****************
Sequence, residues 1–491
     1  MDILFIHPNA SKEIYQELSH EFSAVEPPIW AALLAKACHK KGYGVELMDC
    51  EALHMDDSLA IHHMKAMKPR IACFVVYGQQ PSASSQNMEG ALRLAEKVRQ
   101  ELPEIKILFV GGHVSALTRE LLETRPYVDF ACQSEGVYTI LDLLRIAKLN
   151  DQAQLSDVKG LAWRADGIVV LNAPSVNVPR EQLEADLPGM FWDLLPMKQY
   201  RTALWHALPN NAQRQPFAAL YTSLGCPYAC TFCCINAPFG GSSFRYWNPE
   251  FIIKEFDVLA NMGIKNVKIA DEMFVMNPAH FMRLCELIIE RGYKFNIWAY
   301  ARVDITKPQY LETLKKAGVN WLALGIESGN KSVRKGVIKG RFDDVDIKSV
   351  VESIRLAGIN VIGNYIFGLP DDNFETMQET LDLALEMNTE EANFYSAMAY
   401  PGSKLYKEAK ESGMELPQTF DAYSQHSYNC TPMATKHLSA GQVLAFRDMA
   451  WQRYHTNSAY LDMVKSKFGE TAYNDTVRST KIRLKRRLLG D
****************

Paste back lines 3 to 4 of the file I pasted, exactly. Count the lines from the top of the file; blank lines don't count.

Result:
    51  EALHMDDSLA IHHMKAMKPR IACFVVYGQQ PSASSQNMEG ALRLAEKVRQ
   101  ELPEIKILFV GGHVSALTRE LLETRPYVDF ACQSEGVYTI LDLLRIAKLN